*** Notre Dame missed a lot of tackles in this game as well, including on crucial plays. Examples being a miss behind the line on 3rd-and-1 that allowed Michigan to move the chains, a missed tackle at the line by Donte Vaughn that opens up a huge run lane
*** The Irish defensive line did not play well in this loss. There were flash plays, but as a whole the unit struggled to handle Michigan’s size and power. The interior players got sealed inside throughout the night and could not get penetration. On the outside, the ends were much better in the second half, but in the first half their inability to set the edge on plays to them and to close down cutback lanes on plays away from them proved costly.
*** Notre Dame’s starting ends - Khalid Kareem and Julian Okwara - combined for 6 tackles and 0.5 tackles for loss in the game, and their ability to get pressure on the quarterback was rare. The inability to get a pass rush against Michigan and the inability to create negatives in the run game with any consistency plagued the defense - and the line - all game long.
*** Notre Dame’s veteran safeties weren’t any better. Gilman’s pass interference was just a poor, poor play. It showed a lack of technique and focus, and instead of breaking up the pass or even picking it off, he simply ran into the receiver and earned a well-deserved flag. That’s a veteran and a captain making that kind of play. Senior Jalen Elliott was up-and-down as well, showing good coverage at times but then turning a receiver loose on other snaps, resulting in big plays.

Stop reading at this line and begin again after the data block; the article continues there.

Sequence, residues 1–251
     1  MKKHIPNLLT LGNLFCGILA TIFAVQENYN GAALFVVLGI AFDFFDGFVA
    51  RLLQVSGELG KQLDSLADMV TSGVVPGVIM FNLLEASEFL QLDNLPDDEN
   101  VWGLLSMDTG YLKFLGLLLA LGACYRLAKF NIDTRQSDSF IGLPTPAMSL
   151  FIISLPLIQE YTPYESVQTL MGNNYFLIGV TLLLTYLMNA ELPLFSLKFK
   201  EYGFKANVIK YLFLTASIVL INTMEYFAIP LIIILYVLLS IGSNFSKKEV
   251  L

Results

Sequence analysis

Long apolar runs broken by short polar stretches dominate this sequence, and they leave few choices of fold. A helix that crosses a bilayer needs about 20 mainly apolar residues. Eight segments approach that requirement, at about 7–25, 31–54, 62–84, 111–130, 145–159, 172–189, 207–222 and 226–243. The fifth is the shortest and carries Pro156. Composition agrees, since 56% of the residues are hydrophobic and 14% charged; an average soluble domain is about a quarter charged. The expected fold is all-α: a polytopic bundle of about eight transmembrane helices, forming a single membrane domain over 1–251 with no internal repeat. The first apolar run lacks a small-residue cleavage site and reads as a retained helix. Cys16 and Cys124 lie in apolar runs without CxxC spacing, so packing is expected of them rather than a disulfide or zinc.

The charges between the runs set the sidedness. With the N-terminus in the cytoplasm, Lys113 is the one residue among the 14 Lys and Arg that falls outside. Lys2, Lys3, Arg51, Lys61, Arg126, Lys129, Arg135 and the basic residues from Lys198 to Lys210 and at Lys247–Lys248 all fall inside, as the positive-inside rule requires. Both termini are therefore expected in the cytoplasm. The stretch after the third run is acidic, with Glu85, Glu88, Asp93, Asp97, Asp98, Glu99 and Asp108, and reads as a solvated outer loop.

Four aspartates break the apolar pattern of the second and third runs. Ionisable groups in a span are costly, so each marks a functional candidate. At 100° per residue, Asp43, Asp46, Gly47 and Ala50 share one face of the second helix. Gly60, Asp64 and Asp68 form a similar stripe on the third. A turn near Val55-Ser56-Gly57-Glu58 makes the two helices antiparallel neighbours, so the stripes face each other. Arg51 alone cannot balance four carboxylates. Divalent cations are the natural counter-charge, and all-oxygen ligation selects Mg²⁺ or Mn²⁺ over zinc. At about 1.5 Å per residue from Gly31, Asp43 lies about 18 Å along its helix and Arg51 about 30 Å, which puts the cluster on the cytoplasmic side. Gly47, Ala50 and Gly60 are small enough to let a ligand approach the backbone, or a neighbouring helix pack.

*** When your “best players” are unable to step up and play well in this kind of game you won’t win. Notre Dame not only didn’t win, they got destroyed.
*** The interior of the defensive line was erratic, but it appears to be more scheme related. I will break down the film and try to get a better read on why that group was so ineffective.
*** The inside linebackers had a rough night. There were issues with pursuit, there were issues with holding up at the point of attack and the group made way too many mistakes. Fifth-year senior Asmar Bilal over-pursued on a number of run plays, which helped open up cutback lanes. Michigan seemed to bait the linebackers into those types of mistakes, and when they made them the blockers quickly sealed them out. The coverage from the backers was solid, but their production in the run game was abysmal.
*** Notre Dame’s cornerbacks weren’t tested much, and when they were they gave up big plays. Shaun Crawford’s pass interference penalty was flat out a bad call, but the call on Troy Pride Jr. was not a bad call. Like the safeties, Pride has regressed this season. Vaughn actually played well for much of the night, but he got beat for a touchdown (on a good throw) and his missed tackle set up Michigan’s first touchdown of the second half.
*** Notre Dame’s special teams attributed to the loss as well. After Bo Bauer blocked a punt, senior Jonathan Jones tried to recover it instead of just letting it roll. So instead of taking over possession in Michigan territory, the Wolverines got the ball back in better position, which set up a field goal drive.
*** The unwise decision to try to return kicks in the first half resulted in Notre Dame starting several drives in bad field position.
*** Freshman punter Jay Bramblett shanked one punt, but other than that he had an outstanding night in the weather conditions. He played with a lot of poise in the game.